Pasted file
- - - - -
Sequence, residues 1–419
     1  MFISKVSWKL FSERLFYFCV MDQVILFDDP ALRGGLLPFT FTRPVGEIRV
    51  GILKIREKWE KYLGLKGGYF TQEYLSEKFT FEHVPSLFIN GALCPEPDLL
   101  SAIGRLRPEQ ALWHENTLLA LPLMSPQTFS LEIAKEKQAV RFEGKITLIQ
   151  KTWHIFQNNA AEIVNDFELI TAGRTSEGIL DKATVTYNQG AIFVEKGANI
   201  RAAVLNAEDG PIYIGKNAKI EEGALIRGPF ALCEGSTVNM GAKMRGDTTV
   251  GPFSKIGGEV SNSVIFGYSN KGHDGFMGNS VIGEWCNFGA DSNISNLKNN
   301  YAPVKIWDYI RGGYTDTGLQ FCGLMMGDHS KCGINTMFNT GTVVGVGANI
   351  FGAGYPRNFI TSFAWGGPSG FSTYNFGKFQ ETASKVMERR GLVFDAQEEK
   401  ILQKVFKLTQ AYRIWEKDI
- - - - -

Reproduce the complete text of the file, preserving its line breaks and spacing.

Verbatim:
Sequence, residues 1–419
     1  MFISKVSWKL FSERLFYFCV MDQVILFDDP ALRGGLLPFT FTRPVGEIRV
    51  GILKIREKWE KYLGLKGGYF TQEYLSEKFT FEHVPSLFIN GALCPEPDLL
   101  SAIGRLRPEQ ALWHENTLLA LPLMSPQTFS LEIAKEKQAV RFEGKITLIQ
   151  KTWHIFQNNA AEIVNDFELI TAGRTSEGIL DKATVTYNQG AIFVEKGANI
   201  RAAVLNAEDG PIYIGKNAKI EEGALIRGPF ALCEGSTVNM GAKMRGDTTV
   251  GPFSKIGGEV SNSVIFGYSN KGHDGFMGNS VIGEWCNFGA DSNISNLKNN
   301  YAPVKIWDYI RGGYTDTGLQ FCGLMMGDHS KCGINTMFNT GTVVGVGANI
   351  FGAGYPRNFI TSFAWGGPSG FSTYNFGKFQ ETASKVMERR GLVFDAQEEK
   401  ILQKVFKLTQ AYRIWEKDI